Customer Reviews for

Twelve Times Blessed

Average Rating 2.5
( 11 )
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  • Anonymous

    Posted March 18, 2004

    Very disappointed

    Like some of the other reviewers, I was very disappointed. I have read many other Mitchard books, and have enjoyed them, but I found this one very lengthy and draining. I kept reading, hoping the story would gel enough for some satisfaction out of the story, but it kept plodding along. I found it frustrating and I, too, just wanted to shake True out of her blathering. I found the dialogue unrealistic, too. Not Mitchard's best.

    1 out of 1 people found this review helpful.

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  • Anonymous

    Posted February 17, 2004

    Anyone else noticing the technical INCONGRUITIES?

    I almost don't feel it's fair to give stars to this book yet as I'm not finished with it, but there's an inconsistency in it that drove me crazy. Early in the True-Hank relationship, True asks Hank where he was when he heard JFK was killed, and is shocked when she only realizes a while after he begins to tell his story ('I had just moved here and started the business,' etc.) that he thinks she means JFK JR! But why on earth would she ask him a 'cultural touchstone' question like that when she HERSELF (given that she's 43 and the story is clearly set in 2002) would only have been 4 years old when JFK Sr. was shot? The author has to realize that 'Where were you when Kennedy was killed?' is no longer an 'inevitable question' most adults ask each other, unless they're over 50 or so. Many of today's adults in their 20s and 30s were not even born yet, and many in their 40s are too young to remember. Jacquelyn Mitchard has her 43-year-old character thinking with her author's 53-year-old brain (or thereabouts). OOPS! I'm 42 now and was 40 in 2002, and I'm not old enough to remember JFK Sr. I would have picked a different cultural touchstone, like having the characters run into some John Lennon on the radio and True asking Hank where he was when he heard Lennon was shot. And he admits he was only 12 at the time, and had no clue who the Beatles even were...THAT would have made more sense.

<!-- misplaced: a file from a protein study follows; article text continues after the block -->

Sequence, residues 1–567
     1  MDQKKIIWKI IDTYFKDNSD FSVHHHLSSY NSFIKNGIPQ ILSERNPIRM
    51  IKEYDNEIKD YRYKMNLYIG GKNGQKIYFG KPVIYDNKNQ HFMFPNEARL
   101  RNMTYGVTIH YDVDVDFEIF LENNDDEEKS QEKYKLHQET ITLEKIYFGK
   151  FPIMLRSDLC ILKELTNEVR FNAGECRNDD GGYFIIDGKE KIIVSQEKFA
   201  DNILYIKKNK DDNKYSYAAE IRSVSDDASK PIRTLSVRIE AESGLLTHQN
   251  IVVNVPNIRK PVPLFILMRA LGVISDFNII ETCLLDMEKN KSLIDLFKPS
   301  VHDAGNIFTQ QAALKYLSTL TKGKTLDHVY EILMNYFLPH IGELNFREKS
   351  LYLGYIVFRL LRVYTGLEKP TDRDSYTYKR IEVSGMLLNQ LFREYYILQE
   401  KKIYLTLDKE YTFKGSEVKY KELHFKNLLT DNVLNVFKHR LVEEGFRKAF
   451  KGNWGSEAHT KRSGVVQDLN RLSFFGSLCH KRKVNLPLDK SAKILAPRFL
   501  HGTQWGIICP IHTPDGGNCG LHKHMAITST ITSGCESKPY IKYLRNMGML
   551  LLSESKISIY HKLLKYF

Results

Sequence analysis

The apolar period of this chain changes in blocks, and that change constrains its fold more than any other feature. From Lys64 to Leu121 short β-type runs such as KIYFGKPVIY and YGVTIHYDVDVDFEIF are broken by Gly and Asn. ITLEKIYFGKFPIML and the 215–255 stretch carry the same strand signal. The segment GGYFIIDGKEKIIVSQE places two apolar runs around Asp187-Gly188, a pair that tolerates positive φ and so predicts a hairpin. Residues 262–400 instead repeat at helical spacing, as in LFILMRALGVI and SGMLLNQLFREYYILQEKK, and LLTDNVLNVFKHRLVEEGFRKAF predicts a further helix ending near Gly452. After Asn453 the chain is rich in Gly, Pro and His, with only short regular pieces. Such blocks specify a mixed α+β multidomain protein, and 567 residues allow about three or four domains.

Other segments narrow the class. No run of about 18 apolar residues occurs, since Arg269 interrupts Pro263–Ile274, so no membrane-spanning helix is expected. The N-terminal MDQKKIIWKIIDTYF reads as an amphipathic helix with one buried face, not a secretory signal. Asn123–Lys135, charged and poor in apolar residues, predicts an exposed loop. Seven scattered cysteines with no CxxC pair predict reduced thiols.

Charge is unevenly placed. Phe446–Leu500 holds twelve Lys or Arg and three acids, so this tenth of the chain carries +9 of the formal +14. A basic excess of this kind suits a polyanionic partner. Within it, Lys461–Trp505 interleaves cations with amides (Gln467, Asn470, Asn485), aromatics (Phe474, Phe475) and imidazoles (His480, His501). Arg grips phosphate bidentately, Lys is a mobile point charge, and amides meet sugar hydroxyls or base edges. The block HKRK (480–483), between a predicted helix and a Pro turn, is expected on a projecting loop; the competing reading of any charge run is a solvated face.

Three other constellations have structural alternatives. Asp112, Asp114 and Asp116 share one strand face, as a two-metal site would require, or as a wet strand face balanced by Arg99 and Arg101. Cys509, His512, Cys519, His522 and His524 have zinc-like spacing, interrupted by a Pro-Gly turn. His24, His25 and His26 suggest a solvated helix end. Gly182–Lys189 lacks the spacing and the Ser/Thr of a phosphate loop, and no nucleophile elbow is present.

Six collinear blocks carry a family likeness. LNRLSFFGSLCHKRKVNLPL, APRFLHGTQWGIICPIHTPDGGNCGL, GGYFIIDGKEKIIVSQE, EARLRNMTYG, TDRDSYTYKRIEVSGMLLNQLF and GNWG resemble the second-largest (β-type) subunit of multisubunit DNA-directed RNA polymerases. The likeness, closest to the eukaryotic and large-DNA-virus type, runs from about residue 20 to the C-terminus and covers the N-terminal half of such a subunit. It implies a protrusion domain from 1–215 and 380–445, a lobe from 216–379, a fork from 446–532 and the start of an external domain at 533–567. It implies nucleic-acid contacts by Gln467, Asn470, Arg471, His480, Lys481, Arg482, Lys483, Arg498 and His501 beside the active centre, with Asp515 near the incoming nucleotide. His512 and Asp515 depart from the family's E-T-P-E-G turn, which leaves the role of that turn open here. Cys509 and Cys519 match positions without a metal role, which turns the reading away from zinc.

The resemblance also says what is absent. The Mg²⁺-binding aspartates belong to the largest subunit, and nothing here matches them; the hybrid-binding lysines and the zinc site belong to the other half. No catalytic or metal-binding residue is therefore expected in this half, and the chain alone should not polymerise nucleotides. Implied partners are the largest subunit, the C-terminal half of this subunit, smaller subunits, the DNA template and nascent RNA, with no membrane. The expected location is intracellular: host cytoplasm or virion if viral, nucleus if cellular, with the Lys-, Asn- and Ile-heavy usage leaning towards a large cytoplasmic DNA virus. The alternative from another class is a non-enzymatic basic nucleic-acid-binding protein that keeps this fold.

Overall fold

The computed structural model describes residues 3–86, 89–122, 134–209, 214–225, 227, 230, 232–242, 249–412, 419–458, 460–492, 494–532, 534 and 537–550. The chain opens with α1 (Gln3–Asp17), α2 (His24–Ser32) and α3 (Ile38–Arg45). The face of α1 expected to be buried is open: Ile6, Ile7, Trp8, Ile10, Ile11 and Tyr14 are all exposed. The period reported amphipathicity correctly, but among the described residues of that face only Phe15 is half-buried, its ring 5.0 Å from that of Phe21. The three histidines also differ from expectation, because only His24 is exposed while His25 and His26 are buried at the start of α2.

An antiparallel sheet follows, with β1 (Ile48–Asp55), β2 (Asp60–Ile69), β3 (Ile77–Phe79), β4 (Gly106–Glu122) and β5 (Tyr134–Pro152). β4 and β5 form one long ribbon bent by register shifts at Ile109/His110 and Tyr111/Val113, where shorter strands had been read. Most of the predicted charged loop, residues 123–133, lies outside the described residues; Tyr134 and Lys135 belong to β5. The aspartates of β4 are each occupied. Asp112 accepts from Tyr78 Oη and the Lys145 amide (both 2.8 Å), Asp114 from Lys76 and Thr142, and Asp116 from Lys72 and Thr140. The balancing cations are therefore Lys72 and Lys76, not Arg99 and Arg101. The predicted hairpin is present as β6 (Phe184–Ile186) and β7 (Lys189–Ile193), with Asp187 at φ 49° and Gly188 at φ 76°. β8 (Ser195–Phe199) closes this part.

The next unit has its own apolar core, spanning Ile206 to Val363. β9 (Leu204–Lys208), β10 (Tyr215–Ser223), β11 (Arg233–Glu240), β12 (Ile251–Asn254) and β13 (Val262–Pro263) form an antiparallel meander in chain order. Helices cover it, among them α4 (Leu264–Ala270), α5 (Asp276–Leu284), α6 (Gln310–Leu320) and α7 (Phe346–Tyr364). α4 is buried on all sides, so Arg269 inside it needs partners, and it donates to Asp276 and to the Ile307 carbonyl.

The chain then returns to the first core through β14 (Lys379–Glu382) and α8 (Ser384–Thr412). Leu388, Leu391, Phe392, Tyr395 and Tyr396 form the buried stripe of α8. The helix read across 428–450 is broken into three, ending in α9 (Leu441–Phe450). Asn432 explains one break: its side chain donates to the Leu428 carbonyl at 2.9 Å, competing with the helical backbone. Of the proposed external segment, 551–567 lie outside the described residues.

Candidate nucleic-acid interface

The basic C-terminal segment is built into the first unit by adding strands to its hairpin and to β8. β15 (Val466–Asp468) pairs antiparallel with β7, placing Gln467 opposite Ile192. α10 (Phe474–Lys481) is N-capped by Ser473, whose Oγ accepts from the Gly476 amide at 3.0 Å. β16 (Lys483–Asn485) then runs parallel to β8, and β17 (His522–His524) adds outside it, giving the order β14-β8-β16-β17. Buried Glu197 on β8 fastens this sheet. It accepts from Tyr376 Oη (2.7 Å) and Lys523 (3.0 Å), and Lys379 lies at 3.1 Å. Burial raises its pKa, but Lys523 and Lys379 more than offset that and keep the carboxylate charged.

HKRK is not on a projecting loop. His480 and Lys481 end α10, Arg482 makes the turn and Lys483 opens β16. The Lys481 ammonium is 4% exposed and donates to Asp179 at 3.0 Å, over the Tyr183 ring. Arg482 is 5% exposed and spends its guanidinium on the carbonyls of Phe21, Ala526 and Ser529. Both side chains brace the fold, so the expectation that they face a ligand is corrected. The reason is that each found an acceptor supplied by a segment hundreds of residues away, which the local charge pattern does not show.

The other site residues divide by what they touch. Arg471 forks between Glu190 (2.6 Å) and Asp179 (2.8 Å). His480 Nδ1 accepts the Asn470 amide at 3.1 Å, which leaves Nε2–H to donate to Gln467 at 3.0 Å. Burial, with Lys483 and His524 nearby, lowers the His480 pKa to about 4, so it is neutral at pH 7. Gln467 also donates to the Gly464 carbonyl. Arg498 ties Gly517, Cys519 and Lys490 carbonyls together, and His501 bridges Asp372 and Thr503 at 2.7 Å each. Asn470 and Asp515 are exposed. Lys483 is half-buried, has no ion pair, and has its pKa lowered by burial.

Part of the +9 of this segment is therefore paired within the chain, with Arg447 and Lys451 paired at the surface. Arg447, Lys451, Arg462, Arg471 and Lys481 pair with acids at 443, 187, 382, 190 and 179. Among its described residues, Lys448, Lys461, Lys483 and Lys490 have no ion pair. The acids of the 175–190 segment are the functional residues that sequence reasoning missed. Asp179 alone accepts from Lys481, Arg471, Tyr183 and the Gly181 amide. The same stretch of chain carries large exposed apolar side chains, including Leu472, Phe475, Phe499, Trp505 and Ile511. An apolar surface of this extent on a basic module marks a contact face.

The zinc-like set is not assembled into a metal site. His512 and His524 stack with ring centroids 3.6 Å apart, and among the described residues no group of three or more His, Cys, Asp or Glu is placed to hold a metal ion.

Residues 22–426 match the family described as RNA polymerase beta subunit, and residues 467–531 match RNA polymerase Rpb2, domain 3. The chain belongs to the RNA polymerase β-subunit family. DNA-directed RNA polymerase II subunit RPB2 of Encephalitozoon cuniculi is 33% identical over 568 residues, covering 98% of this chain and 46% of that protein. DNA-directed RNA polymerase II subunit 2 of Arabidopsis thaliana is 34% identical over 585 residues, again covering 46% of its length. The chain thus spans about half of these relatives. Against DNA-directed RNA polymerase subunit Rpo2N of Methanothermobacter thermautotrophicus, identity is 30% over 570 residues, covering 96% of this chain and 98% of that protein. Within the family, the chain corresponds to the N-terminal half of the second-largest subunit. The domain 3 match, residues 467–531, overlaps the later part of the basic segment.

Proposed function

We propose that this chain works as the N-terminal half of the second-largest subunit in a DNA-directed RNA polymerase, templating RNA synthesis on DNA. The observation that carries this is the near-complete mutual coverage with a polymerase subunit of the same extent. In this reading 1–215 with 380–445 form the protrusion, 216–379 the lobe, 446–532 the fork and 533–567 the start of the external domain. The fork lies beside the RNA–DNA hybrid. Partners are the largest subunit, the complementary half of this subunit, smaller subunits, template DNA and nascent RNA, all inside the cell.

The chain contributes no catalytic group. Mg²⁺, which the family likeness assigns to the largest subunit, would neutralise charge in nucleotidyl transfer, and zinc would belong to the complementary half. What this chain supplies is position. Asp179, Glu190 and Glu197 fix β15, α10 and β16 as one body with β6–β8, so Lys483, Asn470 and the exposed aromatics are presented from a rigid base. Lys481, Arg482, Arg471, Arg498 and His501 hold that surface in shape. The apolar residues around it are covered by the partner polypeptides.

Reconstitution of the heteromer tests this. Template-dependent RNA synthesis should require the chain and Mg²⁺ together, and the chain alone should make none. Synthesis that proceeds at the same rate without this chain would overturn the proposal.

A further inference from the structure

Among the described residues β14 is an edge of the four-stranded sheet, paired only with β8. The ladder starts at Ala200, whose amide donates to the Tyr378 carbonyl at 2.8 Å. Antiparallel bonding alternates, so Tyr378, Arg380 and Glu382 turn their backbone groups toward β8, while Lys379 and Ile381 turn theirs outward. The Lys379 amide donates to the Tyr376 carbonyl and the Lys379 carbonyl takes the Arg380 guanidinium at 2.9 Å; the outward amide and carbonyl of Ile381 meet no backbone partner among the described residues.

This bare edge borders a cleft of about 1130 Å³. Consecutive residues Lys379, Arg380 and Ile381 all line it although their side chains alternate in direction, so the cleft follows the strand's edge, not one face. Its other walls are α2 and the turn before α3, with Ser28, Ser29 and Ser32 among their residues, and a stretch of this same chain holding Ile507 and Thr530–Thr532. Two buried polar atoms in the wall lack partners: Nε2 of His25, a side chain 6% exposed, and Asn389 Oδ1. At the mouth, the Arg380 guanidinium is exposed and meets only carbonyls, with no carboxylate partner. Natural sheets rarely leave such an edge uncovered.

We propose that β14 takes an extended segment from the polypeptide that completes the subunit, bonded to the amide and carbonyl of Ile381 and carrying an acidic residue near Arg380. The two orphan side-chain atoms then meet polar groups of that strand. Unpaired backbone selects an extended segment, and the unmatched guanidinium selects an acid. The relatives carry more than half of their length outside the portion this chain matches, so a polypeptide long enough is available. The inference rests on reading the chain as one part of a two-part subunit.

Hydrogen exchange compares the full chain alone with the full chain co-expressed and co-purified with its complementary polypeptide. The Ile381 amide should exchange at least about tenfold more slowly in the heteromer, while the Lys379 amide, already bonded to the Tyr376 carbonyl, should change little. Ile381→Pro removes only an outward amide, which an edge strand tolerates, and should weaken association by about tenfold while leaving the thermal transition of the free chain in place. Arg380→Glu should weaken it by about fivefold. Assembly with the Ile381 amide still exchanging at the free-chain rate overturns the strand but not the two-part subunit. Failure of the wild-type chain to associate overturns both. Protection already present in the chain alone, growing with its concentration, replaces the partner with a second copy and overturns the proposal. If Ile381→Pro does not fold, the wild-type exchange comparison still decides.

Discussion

1 out of 1 people found this review helpful.

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  • Posted July 2, 2009

    more from this reviewer

    Save your money

    Don't buy this book! I normally don't finish reading bad books. But I read this complete book. I kept waiting for it to get better. It didn't. It was predictable and just plain boring. I was disappointed because I have read two other books by this author and enjoyed them. But this book was 544 pages too long. Again, save your money or buy a different book by Mitchard.

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  • Posted June 28, 2009

    more from this reviewer

    I Also Recommend:

    Superficial Character Make Selfish Choices

    Implausible and overlong, Twelve Times Blessed was not what I expected from Mitchard, whose sensitive Deep End Of The Ocean must have been a fluke. In this novel, the sentimentally named True, a widowed entrepreneur with a flourishing cottage industry of handcrafted baby gifts, derails her generative, bustling life and the lives of her helpful but domineering mother and precocious ten year old son when she falls for a philandering restaurantaur, Hank. Hank is the most confounding character in this tangled mess--moody, hateful, unfaithful, selfish, and yet mysteriously "alluring" to the heroine. He withholds affection and attention from her son, resents her business success and close relationships with her employees, and suddenly transforms (temporarily) into a decent stepdad, only to erupt in vitriole at the merest suggestion of difficulty. THe bulk of this 500+ page novel is spent by True pining over her wretched beloved to the degree that she neglects to notice her son's appendix has burst until he collapses days later. Her choices are portrayed as courageous and well-deserved, yet they come across as shallow, lascivious, and ungrateful to those who loved and supported her in the intervening years between her first husband's death and her second husband's fall from grace. Dreadful, pandering, and an insult to the ostensible intelligence of the characters and the actual intelligence of the reader. Read Elizabeth Berg instead, for a woman's story with heart.

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  • Anonymous

    Posted June 21, 2007

    Not as bad as other reviewers think...

    If I had read these reviews first, I probably wouldn't have touched this book. I do agree with some of the complaints - why didn't the main female character do more to communicate with her younger husband once things started to fall apart? And why wasn't she more dismayed when he (Hank) didn't seem to show up when both she and her son were quite ill? Still, the book kept my interest. I enjoyed a lot of the self-revelations that both protagonists went through - that seemed realistic. However, True's mother and her past behavior should have been figured out by both True and her brother far sooner. That whole situation, which came to a nasty climax near the book's end, was probably the most unrealistic part of the novel. On the whole, though, if you are a fan of the author, I think it was worth the read. Some of the lesser characters were quite fleshed-out and enjoyable.

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  • Anonymous